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The Beacon

The Student Newspaper of MAST Academy, since 1991.
The Student News Site of MAST Academy

The Beacon

The Beacon

Senior Issue 2024
June 5, 2024

Fires on the West Coast

By Mercedes Halliburton
Staff Writer
By Lea Rabaron
Science Editor

In the past few months, forest fires have ravaged the West Coast in record numbers. With over five million acres of land destroyed in California, Oregon and Washington, West Coast inhabitants have been left dreading the future of their cities and of their homes. Although these fires spark mostly from lighting strikes, the root cause is one which we have heard of time and time again—global warming. The recursive, cliché term which has been cause for controversy in recent years is now back to manifest itself once more, this time in a directly hazardous and pervasive way.   

The science behind this is fairly simple, hotter temperatures create a drier climate, which makes the environment more prone to frequent and severe wildfires. The climate, however, is not the only cause behind the ravenous West Coast fires. Over the years, wildfires have been constantly suppressed to allow for industrial development, creating a dangerous build-up of fuel and leaving the West Coast prone to abnormally large fires. Were it not for outdated fire management practices, this hellish disaster could have been partially averted. To decrease the amount of pent-up fuel, the U.S Forest Service should have conducted much more controlled burnings and left certain low-level fires alone rather than aggressively extinguishing them.

As our global temperature rises year by year, the West Coast is becoming increasingly more susceptible to larger, widespread fires. In 2020, fire activity has proven to be significantly higher than any other year. The sweeping flames which have always usually remained in remote forests are now wreaking havoc upon inhabited regions, leaving thousands of buildings destroyed and a current total of thirty-seven people dead. In Oregon, the fires have gotten dangerously close to the I-5 interstate highway, destroying entire communities along the road. Local fire departments are fighting restlessly to keep this inferno away from towns and cities, but they struggle to tame what are now considered the largest fires the West Coast has seen in over twenty years.  

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Since the earliest fires on the West Coast, there have been thousands of evacuations, as fire officials try to control the situation.  “Because the economic situation is not as strong right now, maybe it takes longer to do the forest management which is so good for prevention of fires.” a local from the Los Angeles area explains. While the fires spread and burn down remains of already charred trees, COVID-19 is still a threat. The wildfires are leaving large portions of land with mounds of ash and dangerous fumes, which increase the need for masks and goggles.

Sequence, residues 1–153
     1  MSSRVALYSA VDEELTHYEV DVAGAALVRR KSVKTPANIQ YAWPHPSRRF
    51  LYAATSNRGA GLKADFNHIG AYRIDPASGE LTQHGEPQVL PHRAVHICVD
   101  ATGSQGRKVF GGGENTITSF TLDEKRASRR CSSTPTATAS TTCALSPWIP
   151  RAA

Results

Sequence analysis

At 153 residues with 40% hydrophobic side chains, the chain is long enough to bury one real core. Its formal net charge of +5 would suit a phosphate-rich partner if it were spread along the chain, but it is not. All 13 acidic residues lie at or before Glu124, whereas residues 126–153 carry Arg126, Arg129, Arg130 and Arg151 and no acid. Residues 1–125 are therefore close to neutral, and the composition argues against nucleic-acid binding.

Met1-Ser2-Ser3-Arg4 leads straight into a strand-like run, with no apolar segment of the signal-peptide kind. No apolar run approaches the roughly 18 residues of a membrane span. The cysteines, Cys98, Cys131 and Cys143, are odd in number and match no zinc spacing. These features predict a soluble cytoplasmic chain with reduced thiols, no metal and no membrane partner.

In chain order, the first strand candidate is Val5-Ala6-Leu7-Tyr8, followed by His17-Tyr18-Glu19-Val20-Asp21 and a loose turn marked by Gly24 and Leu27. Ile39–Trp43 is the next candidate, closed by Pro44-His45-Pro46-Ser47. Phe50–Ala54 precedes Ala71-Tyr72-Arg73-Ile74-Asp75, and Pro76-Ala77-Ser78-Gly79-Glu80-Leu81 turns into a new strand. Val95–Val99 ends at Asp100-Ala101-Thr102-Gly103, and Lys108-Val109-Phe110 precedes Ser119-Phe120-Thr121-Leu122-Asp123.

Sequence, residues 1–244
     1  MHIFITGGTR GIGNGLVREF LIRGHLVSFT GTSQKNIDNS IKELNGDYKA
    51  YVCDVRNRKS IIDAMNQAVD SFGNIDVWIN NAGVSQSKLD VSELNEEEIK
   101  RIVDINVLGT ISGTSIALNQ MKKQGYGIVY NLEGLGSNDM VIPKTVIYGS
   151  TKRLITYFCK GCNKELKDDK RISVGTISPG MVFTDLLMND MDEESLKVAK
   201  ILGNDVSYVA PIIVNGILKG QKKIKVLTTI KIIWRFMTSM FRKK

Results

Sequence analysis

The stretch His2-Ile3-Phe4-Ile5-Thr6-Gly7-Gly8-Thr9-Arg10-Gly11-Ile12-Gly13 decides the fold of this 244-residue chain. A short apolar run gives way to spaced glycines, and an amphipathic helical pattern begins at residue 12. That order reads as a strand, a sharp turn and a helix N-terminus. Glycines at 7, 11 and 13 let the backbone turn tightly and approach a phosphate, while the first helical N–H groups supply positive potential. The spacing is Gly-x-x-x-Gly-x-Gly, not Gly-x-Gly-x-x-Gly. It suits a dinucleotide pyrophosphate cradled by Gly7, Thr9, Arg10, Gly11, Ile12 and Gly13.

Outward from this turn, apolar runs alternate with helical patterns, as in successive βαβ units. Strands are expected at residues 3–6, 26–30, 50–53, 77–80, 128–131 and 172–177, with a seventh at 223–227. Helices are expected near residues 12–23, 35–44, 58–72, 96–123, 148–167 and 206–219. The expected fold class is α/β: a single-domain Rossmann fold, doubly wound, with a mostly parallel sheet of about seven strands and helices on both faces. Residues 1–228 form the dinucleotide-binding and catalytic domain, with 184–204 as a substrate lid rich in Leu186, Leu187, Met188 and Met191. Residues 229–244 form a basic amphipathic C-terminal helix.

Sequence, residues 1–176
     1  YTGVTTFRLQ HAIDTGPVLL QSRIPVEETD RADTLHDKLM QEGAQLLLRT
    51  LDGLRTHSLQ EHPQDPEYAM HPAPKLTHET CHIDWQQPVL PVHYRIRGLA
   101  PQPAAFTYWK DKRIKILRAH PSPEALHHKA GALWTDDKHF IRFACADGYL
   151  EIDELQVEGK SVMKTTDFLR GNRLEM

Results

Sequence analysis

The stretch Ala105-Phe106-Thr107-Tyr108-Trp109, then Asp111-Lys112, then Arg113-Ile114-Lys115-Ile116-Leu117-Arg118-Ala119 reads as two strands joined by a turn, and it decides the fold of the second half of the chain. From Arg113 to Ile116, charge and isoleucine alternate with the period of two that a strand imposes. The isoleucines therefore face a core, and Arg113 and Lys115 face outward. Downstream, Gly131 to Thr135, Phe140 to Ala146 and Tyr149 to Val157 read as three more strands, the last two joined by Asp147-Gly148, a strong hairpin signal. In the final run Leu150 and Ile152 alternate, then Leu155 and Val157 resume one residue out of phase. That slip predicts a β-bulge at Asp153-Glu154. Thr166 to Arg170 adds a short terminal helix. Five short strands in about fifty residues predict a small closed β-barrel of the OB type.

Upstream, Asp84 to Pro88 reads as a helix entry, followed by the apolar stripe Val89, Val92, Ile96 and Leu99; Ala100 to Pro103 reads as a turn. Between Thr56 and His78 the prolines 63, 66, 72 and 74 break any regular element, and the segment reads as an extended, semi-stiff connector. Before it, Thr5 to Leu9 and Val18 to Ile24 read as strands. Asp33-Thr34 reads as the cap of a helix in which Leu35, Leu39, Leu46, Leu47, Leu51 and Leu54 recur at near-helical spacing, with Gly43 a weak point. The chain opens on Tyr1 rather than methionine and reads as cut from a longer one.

The fumes and chemicals present in the air are causing lung poisoning, which can later make COVID a major risk. Another concern related to COVID-19 is that evacuated locals are being shoved into refuge centers, contradicting the original intention of social distancing rules, and further spreading the disease. When asked about their thoughts on the matter, a California local pointed out some of these concerns.

“Because of all the fear of getting sick, people are trying to stay at their homes for as long as they can, I think, which is really not the right thing to do. Fear of going somewhere else and catching the disease is a big consideration,” they said.

Over one million residential homes on the West Coast have been destroyed these past couple of weeks, leaving thousands of individuals homeless. With COVID on their tail, locals are having a difficult time obtaining the materials needed for survival. Many people lost their jobs and profits during this global pandemic, and now, with their homes and belongings gone, they believe there is little to no hope. It will take a while before locals get back on their feet. 

Naturally, after any disaster, anyone near the affected area starts taking safety measures. Questions like “What actions can I take if I must evacuate?” and “Can masks and face coverings reduce wildfire smoke exposure?” are plugged into every search bar. When punching in these words, every mind thinks the same thing, I hope it does not come to that. In these conditions, however, it is likely that it will. In the meantime, there are thousands of evacuations and precautions, like staying away from smoke and wearing masks and face shields outdoors at all times being put into place. We have yet to see the long term effects, but in the short term, first responders and health officials are doing everything in their power to control the crisis.  

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Fires on the West Coast